The world will soon enter the 6th Year of the Great Recession, and there is no end in sight. In the United States, stagnation continues to reign and some 23 million Americans remain out of work, are involuntarily employed part time, or have simply dropped out of the work force in frustration. This is a condition that now threatens to result in President Barack Obama’s replacement by a Republican candidate whose program, if implemented, is likely to worsen the crisis.
In Europe, draconian austerity programs now blanket the economic landscape, threatening to impact on the continent’s few remaining healthy economies, like Germany’s. The third quarter was reported to be German industry’s worst in the last three years owing to plunging exports to the austerity-ridden countries. Many analysts had been warning that the German government’s insistence on imposing barebones budgets on its neighbors to ensure German banks got repaid would eventually have a blowback effect on the European Union’s largest economy.
The BRICS sputter
2012 marked China and East Asia’s being drawn, definitively, into the global maelstrom, along with India and Brazil. In late 2008 and 2009, the recession in Europe and the US brought down growth rates in East Asia, but this was only for about a year. By 2010, East Asia and the big “newly emerging economies” known as the BRICS (Brazil, Russia, India, China, South Africa) appeared to have recovered. A big reason was China’s $585 billion stimulus program—the world’s largest relative to the size of the economy–which not only pulled the country but also its neighbors in East Asia from recession.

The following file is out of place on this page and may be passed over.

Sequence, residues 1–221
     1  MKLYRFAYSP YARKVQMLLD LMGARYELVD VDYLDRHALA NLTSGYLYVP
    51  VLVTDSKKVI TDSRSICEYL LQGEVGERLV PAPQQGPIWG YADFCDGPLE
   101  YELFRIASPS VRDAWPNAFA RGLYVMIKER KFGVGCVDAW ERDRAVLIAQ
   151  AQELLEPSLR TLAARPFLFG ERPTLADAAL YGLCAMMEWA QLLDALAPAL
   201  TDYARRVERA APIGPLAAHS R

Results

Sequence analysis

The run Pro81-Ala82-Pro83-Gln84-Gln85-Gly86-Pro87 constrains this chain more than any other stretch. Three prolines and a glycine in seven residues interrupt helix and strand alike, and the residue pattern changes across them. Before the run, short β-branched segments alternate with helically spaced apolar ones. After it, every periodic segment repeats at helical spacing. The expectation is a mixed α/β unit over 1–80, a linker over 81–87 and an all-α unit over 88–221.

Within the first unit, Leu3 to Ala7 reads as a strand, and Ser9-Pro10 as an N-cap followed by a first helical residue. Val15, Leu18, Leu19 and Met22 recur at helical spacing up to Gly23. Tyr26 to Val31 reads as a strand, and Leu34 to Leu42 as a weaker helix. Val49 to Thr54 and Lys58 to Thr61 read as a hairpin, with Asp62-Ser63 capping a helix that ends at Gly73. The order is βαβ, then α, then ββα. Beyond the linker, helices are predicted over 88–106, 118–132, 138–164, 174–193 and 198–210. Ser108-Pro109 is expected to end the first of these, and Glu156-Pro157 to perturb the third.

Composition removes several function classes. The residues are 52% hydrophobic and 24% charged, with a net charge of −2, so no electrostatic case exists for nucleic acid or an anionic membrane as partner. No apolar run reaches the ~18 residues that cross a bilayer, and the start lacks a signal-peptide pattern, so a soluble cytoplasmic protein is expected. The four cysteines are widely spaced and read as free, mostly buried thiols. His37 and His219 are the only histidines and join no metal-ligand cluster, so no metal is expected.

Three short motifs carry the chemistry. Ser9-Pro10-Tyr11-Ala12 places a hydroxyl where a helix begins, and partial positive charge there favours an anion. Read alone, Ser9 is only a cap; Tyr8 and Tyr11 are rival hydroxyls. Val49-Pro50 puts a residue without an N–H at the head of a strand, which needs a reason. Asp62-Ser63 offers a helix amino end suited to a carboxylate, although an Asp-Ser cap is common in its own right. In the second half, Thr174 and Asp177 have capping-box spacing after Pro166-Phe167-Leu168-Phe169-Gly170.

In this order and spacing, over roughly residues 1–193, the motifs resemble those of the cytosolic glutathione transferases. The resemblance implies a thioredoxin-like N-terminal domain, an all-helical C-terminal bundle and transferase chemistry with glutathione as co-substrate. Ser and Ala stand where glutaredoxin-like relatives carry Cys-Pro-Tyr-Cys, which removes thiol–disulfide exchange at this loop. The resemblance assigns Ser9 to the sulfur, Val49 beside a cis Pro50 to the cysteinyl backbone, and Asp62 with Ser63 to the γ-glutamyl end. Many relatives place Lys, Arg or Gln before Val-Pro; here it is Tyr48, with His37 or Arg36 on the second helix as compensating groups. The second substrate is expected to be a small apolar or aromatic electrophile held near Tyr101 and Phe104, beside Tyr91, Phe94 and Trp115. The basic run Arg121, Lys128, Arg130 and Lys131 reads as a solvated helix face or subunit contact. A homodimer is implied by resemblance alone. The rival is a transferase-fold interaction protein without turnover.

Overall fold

The BRICS were regarded as bright spots in the global economy, exhibiting resiliency and growth even as the North stagnated. Indeed, to economists like Nobel laureate Michael Spence, “With growth returning to pre-2008 levels, the breakout performance of China, India, and Brazil are important engines of expansion for today’s global economy.” In a decade, the share of global GDP by the emerging economies would pass the 50 percent mark, he predicted. Much of this growth would stem from “endogenous domestic-growth drivers in emerging economies, anchored by an expanding middle class.” Moreover, as trade among the BRICS increased, the future of emerging economies is one of reduced dependence on industrial-country demand.”
Recent trends, however, appear to show that the idea that the fate of the BRICS had become decoupled from that of the US and Europe was an illusion. The BRICS’ economies have slowed down, with India’s growth rate this year falling to its level in the early 2000’s. Brazil’s growth on 2011 was under three per cent—lower, as the Economist noted, than sickly Japan’s. China’s second-quarter growth this year plunged to 7.5 per cent, its slowest pace in three years. The main reason for the great BRICS slowdown appears to be the continued great dependence of these economies on Northern markets and their inability to institutionalize domestic demand as the key engine of the economy.
Neoliberalism versus Keynesianism
With the eruption of the financial crisis in 2008, two approaches from the establishment have competed to address the crisis.
In the immediate aftermath of the crisis, the neoliberal University of Chicago Nobel laureate Robert Lucas said, “Every economist is a Keynesian in the foxhole.” By 2010, however, the neoliberals had left the foxhole. But their solution was no solution inasmuch it did not address the issue of ending unemployment and restarting growth. From the neoliberal view, a deepening of the crisis was, in fact, part of the natural order of things, whereby the “excesses” and distortions created by government intervention were wrung out of the system.